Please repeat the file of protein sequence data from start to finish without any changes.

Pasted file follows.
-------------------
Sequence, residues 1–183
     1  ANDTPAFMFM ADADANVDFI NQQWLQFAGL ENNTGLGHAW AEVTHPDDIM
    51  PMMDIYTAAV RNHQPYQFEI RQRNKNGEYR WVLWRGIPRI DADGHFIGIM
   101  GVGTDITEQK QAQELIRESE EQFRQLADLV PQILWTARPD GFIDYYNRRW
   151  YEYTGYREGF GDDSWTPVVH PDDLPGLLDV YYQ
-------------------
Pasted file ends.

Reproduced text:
Sequence, residues 1–183
     1  ANDTPAFMFM ADADANVDFI NQQWLQFAGL ENNTGLGHAW AEVTHPDDIM
    51  PMMDIYTAAV RNHQPYQFEI RQRNKNGEYR WVLWRGIPRI DADGHFIGIM
   101  GVGTDITEQK QAQELIRESE EQFRQLADLV PQILWTARPD GFIDYYNRRW
   151  YEYTGYREGF GDDSWTPVVH PDDLPGLLDV YYQ